In late 2019, he met Alysa Cisneros at a BAYMEC brunch, and they became friends. Alysa run for and won a seat on the Sunnyvale City Council in 2020, giving Richard the opportunity to gain campaign experience as her assistant campaign manager. Then and only then did he decide he was ready for a campaign of his own. By that time, Sunnyvale had switched over to district elections, making the campaign more manageable.

Richard spent all of 2021 preparing to run for council by talking to the neighborhood leaders and current and former elected officials. But the conversation that impacted him most was the one he had with his 97-year-old grandmother shortly before she died. “One of the last conversations I had with her will remain with me forever. She told me to ‘keep on politickin’.’ That was really meaningful. She was a remarkable woman.”

By the time he launched his campaign on his 35th birthday in 2022, he had an endorsement list “as long as his arm.” The five years he spent building relationships, learning how the city works, and understanding the issues in his district had paid off. It also turned out that he was a prolific fundraiser. He raised a total of $40,000, all without accepting any corporate or developer contributions. From family and friends alone, he raised $25,000 Organized labor came through in a big way, contributing around $12,000.

In his campaign, Richard focused on addressing the needs of the residents in his district, running on pro-housing and traffic safety, which he calls “basic quality of life issues.”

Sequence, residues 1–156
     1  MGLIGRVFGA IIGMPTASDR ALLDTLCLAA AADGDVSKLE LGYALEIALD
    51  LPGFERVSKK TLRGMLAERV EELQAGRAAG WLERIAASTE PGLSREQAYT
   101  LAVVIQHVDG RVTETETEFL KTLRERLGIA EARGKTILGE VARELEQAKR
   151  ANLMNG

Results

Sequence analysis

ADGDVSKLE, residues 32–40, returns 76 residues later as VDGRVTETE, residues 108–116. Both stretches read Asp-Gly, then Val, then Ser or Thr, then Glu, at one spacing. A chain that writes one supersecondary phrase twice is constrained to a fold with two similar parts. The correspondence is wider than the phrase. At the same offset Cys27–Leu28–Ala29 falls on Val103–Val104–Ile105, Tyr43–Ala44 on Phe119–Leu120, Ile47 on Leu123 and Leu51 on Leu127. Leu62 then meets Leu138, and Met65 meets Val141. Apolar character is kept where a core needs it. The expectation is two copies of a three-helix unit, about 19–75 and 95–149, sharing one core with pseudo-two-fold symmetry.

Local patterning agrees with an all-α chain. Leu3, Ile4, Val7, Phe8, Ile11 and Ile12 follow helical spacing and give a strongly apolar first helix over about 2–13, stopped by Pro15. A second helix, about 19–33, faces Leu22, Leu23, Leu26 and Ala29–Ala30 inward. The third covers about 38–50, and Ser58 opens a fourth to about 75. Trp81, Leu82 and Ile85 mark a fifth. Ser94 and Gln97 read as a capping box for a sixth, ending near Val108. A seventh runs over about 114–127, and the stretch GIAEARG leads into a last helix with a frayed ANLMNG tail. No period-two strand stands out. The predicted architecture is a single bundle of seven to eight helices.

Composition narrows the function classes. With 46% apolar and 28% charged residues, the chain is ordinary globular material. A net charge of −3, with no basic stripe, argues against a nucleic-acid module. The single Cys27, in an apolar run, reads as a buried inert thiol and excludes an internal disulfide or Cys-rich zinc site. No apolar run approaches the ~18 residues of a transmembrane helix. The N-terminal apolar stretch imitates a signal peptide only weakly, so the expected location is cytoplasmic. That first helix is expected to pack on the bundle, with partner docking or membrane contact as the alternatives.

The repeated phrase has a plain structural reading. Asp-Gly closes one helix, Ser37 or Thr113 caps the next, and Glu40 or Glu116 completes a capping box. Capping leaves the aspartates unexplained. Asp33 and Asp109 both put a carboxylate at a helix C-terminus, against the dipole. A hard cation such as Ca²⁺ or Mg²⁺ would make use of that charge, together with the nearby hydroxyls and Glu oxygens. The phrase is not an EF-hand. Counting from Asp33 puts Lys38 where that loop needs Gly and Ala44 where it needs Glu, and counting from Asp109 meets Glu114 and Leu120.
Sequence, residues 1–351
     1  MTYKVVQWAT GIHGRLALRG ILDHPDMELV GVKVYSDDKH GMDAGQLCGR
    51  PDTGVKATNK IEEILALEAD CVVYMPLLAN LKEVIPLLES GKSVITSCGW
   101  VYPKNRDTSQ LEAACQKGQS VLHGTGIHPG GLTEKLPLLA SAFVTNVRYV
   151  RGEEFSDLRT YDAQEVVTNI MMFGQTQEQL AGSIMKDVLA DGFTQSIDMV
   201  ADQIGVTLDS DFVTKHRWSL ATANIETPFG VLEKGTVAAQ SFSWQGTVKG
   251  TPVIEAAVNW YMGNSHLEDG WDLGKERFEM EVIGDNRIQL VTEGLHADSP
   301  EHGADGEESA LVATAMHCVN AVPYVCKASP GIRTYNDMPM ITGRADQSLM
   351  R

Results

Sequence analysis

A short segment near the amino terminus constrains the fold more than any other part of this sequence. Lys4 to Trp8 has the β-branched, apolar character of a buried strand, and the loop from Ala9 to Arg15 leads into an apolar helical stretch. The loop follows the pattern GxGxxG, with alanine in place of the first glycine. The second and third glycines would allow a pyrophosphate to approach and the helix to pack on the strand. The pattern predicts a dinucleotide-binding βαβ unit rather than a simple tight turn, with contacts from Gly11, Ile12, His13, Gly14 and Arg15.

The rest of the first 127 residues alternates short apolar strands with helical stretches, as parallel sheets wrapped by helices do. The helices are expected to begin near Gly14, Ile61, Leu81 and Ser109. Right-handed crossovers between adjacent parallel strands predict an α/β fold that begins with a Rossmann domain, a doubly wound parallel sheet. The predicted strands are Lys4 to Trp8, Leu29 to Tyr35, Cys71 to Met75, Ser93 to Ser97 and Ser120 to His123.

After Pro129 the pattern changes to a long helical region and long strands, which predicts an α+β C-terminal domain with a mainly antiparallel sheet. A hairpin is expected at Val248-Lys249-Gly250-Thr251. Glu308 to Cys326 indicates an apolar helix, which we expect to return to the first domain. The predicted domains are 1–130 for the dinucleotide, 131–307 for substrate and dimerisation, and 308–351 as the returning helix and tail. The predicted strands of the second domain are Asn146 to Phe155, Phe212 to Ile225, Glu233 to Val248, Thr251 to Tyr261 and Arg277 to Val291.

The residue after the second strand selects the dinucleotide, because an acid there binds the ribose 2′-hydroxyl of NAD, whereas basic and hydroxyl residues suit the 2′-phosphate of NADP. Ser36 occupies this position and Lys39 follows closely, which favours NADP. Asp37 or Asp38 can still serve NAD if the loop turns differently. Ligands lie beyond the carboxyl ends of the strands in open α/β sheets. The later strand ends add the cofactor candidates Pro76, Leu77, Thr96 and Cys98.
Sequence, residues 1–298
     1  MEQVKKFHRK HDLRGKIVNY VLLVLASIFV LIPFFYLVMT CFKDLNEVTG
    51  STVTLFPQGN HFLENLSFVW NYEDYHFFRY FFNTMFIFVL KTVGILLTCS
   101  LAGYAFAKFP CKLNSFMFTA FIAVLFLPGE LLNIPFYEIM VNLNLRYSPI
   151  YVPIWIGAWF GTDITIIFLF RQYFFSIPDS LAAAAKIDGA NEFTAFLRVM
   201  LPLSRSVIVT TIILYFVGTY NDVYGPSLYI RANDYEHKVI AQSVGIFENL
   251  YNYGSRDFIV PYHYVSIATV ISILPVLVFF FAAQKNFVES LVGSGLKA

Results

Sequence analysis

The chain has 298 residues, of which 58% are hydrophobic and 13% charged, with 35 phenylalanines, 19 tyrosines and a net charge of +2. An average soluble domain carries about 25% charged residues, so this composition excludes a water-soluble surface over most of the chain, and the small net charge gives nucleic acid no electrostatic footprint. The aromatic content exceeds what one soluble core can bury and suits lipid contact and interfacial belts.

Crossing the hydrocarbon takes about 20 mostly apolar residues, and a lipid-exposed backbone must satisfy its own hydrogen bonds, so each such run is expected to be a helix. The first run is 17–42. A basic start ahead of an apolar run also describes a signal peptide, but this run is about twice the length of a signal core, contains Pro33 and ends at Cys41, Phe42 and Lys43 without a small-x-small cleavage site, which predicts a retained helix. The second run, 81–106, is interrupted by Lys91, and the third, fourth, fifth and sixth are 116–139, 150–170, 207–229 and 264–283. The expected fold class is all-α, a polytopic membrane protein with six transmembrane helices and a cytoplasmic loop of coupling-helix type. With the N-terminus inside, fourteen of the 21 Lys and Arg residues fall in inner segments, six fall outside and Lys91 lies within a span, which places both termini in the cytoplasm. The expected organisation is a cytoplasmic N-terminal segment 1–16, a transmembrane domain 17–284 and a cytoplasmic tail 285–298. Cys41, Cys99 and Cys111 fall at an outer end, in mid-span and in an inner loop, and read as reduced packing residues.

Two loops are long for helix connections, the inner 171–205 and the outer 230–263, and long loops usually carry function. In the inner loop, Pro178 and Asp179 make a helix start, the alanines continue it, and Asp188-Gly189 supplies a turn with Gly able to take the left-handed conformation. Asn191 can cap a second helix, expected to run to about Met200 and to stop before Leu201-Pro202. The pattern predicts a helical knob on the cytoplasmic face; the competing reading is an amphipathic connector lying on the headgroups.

mehlinger campaign ad
“Richard for Sunnyvale” Campaign Mailer

Richard’s identity as a proud bisexual man was a “non-issue” in his campaign. He received support from organizations like BAYMEC and The Victory Fund that work to elect queer people to office. Though it seemed irrelevant to the issues he ran on, he made a point of speaking about being bisexual for the sake of visibility. “There’s erasure, especially for men. Hell, The New York Times ran an article about ten years ago, asking ‘Do bi men exist?’ I was just like, ‘Well, I’m right here!’”

There was only one other candidate in the race, who turned out not to run much of a campaign. Richard won handily, with 71% of the vote.

In his swearing-in speech, Richard noted the historic nature of his victory: “Tonight I stand here as the second openly queer Sunnyvale City Councilmember ever, part of the most diverse council in terms of background, geography, ethnicity, religion, in our city’s history. That diversity is a strength because it allows us to see and address issues from many different angles. The switch to districts, drawn with extensive community input and confirmed overwhelmingly by the voters, made this possible.”

“Serving on the city council is a tremendous honor, and it’s actually fun,” he said. “I am having the time of my life. We have an excellent council. I have great colleagues. We have a great city staff. And even when we disagree, it’s respectful. I think we’re doing some really cool stuff.”

Richard wants to encourage other people to run for local office. “It can be a tremendously rewarding experience. It gives you the opportunity to help shape your community for the better, which is a wonderful thing. I’m really grateful to be here,” he concluded.

Richard Mehlinger’s speech at 2023 Sunnyvale Pride